It is important to spend time studying the mind of the claimant. Only by assessing how his/her mental apparatus handled past events in general, traumatic and otherwise, are we able to elucidate the characterological make-up and thus the style of the response that the claimant uses, how adaptive or maladaptive it has been in the past, and how it was applied in the present situation.

One has to be quite versed in what PTSD is, to be able to differentiate it from what it is not.

Experienced clinicians recognize that there is a large degree of variability among individuals presenting with similar types of problems. The use of psychometric inventories (psychological testing) to assess psychopathology depends greatly on the honesty, accuracy, and consistency of self-reports. There may be motivation to distort the responses by either exaggerating or minimizing problem areas. MMPI (one of the psychological testing instruments commonly used), is just no more useful for faked PTSD. In general, they are not as conclusive, reliable, valid, and specific as we need them to be. The administration of Sodium Amytal proved not to be reliable in unmasking malingering. Hypnosis does not guarantee truth either. Voice stress analyzer is no more accurate than polygraphs.

Someone who suffered a personal injury may be motivated to exaggerate and magnify the severity of impairment to gain a higher monetary award or compensation. They may seek financial gain from Social Security disability, veteran's benefits, worker's compensation or damage for alleged psychological injury. Malingerers may seek to avoid conscription into the military, to be relieved for undesirable military assignments or to avoid combat. The defendant in a murder trial might be prone to feign mental illness in an attempt to gain an acquittal by reason of insanity; the parent in a child custody dispute may be prone to give an unrealistic favorable presentation in order to gain custody of the child.

The criminal may seek to avoid punishment by pretending to be incompetent to stand trial, insane at the time of the act, worthy of mitigation of penalty or too ill (incompetent) to be executed, and many other situations.
All this is of utmost important in all areas of forensic practice. The law is interested only in that which can reasonably be established by facts.

Psychic disorders that occurred after a trauma include PTSD, malingering, Depressive Disorder, Anxiety Disorders, Conversion Disorders, Post Concussion Disorder and Psychosis. All malingerers are actors that portray their illnesses, as they understand it. There are many characteristics that help the expert tease out real PTSD from non-real, aside from the categories described in the DSM.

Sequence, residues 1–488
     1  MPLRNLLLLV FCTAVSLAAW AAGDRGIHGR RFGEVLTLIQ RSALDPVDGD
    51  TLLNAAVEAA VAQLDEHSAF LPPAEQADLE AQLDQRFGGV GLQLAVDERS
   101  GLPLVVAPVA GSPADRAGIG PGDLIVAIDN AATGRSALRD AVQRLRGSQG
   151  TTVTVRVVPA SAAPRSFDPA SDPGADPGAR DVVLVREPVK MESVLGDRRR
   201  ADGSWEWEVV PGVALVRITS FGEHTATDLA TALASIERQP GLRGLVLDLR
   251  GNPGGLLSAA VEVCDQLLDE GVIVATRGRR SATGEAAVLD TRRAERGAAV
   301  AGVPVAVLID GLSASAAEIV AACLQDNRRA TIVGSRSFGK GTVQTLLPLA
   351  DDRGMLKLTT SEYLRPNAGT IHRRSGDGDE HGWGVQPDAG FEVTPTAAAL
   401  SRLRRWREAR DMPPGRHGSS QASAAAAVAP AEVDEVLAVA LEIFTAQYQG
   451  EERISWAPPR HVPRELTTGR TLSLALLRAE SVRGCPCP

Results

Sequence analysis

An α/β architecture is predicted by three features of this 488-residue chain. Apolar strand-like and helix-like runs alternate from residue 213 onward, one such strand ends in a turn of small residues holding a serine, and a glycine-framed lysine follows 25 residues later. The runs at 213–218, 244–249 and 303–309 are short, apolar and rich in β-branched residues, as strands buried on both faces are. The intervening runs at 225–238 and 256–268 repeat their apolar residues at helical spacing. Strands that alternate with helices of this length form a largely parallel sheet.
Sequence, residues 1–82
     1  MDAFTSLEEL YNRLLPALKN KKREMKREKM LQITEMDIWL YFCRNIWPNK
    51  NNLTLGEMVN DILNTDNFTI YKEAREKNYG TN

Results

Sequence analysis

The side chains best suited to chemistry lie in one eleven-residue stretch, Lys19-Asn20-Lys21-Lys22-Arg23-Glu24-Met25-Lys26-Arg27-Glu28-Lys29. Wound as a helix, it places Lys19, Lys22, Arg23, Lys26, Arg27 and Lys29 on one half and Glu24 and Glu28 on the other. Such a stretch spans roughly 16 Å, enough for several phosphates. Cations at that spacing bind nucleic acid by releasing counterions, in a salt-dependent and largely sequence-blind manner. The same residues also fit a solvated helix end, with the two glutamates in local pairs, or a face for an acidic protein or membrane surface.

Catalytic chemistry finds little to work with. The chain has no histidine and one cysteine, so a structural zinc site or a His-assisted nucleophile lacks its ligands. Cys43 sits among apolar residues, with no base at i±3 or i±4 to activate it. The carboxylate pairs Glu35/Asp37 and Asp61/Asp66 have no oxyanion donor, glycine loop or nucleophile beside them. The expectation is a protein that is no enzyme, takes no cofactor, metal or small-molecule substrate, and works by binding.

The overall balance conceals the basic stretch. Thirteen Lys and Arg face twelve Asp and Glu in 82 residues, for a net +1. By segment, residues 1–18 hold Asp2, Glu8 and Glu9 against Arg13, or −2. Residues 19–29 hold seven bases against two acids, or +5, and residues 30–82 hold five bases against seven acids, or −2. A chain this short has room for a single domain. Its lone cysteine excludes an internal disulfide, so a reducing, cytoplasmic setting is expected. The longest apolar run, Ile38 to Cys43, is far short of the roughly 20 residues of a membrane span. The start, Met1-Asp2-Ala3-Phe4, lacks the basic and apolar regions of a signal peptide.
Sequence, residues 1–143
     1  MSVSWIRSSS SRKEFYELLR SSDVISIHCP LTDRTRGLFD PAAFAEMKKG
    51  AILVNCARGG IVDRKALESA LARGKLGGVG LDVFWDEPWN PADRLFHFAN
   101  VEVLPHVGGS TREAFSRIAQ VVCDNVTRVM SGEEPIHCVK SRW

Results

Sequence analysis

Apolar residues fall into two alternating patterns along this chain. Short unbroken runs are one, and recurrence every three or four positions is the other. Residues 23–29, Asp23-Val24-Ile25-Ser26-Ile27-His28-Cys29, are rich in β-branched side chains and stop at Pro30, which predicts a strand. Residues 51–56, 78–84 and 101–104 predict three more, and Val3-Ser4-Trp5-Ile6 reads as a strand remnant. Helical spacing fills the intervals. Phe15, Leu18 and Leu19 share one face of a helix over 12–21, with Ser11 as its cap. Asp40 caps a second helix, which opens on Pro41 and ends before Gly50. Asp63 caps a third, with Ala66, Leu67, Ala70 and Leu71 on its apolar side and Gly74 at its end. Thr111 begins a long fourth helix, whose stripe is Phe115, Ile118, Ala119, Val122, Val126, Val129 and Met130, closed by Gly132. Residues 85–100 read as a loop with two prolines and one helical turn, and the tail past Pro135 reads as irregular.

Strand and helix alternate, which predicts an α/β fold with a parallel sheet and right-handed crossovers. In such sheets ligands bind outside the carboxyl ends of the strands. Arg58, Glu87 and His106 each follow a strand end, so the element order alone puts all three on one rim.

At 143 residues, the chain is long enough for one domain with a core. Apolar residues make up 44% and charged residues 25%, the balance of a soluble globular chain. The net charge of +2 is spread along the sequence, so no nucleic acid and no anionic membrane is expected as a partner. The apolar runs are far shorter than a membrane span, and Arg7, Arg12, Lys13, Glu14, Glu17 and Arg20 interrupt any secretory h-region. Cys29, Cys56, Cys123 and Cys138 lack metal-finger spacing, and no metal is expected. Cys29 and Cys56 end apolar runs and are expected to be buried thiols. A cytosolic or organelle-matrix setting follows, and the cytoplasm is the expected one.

Persons who have had true PTSD may exaggerate their symptoms or allege that symptoms persist when they no longer do. These are the most difficult cases to accurately assess, because by having been experienced before, it may not be all that difficult for some, to call forth the remembered symptoms, and apply them to this new occurrence.

The principle that courts will stigmatize a claimant as a malingerer only upon positive and convincing evidence justifying such a conclusion, is so well imbedded in our jurisprudence as to preclude the necessity for specific citations, (see Miller v. United States Fidelity and Guaranty Co., 99 So, 2d, 511, 516 (La. App. 1953)). The better the expert understands the phenomenology of PTSD, meaning the formal description of the component features defining this disorder, and the dynamic forces that predispose, determine, trigger, and fuel its presence and evolution, the easier it will be for the examiner to detect faked symptoms. It consists of conducting the study of whether and how these specific symptoms fit and interact within the entire personality organization of the individual in question. To conclude feigning, the examiner must look beyond general credibility issues, into these characterological aspects of the examinee. We can then detect a great many inconsistencies.

By Alberto M. Goldwaser, MD